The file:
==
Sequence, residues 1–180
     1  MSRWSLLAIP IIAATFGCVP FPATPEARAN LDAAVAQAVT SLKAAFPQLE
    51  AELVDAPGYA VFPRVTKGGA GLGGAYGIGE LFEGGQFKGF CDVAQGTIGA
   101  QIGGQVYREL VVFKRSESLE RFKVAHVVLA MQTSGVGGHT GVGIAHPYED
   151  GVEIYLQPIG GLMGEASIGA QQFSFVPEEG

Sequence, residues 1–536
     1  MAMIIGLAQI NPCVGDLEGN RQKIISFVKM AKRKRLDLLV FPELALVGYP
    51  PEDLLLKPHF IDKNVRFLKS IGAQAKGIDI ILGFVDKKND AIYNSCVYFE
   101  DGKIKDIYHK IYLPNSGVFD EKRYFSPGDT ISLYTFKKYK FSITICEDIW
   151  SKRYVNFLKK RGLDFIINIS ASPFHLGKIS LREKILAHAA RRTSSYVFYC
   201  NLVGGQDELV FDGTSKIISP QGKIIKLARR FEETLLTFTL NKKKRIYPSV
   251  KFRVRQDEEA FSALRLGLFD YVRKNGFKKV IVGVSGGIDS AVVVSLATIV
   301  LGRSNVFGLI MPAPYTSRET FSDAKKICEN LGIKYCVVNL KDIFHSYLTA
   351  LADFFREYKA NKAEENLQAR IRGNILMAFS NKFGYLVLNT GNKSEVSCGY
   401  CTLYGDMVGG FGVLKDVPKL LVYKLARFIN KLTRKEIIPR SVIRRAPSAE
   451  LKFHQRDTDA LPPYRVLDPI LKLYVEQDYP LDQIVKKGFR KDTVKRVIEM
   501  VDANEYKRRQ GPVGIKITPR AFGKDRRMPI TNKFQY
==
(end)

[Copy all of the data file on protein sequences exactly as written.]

Sequence, residues 1–180
     1  MSRWSLLAIP IIAATFGCVP FPATPEARAN LDAAVAQAVT SLKAAFPQLE
    51  AELVDAPGYA VFPRVTKGGA GLGGAYGIGE LFEGGQFKGF CDVAQGTIGA
   101  QIGGQVYREL VVFKRSESLE RFKVAHVVLA MQTSGVGGHT GVGIAHPYED
   151  GVEIYLQPIG GLMGEASIGA QQFSFVPEEG

Sequence, residues 1–536
     1  MAMIIGLAQI NPCVGDLEGN RQKIISFVKM AKRKRLDLLV FPELALVGYP
    51  PEDLLLKPHF IDKNVRFLKS IGAQAKGIDI ILGFVDKKND AIYNSCVYFE
   101  DGKIKDIYHK IYLPNSGVFD EKRYFSPGDT ISLYTFKKYK FSITICEDIW
   151  SKRYVNFLKK RGLDFIINIS ASPFHLGKIS LREKILAHAA RRTSSYVFYC
   201  NLVGGQDELV FDGTSKIISP QGKIIKLARR FEETLLTFTL NKKKRIYPSV
   251  KFRVRQDEEA FSALRLGLFD YVRKNGFKKV IVGVSGGIDS AVVVSLATIV
   301  LGRSNVFGLI MPAPYTSRET FSDAKKICEN LGIKYCVVNL KDIFHSYLTA
   351  LADFFREYKA NKAEENLQAR IRGNILMAFS NKFGYLVLNT GNKSEVSCGY
   401  CTLYGDMVGG FGVLKDVPKL LVYKLARFIN KLTRKEIIPR SVIRRAPSAE
   451  LKFHQRDTDA LPPYRVLDPI LKLYVEQDYP LDQIVKKGFR KDTVKRVIEM
   501  VDANEYKRRQ GPVGIKITPR AFGKDRRMPI TNKFQY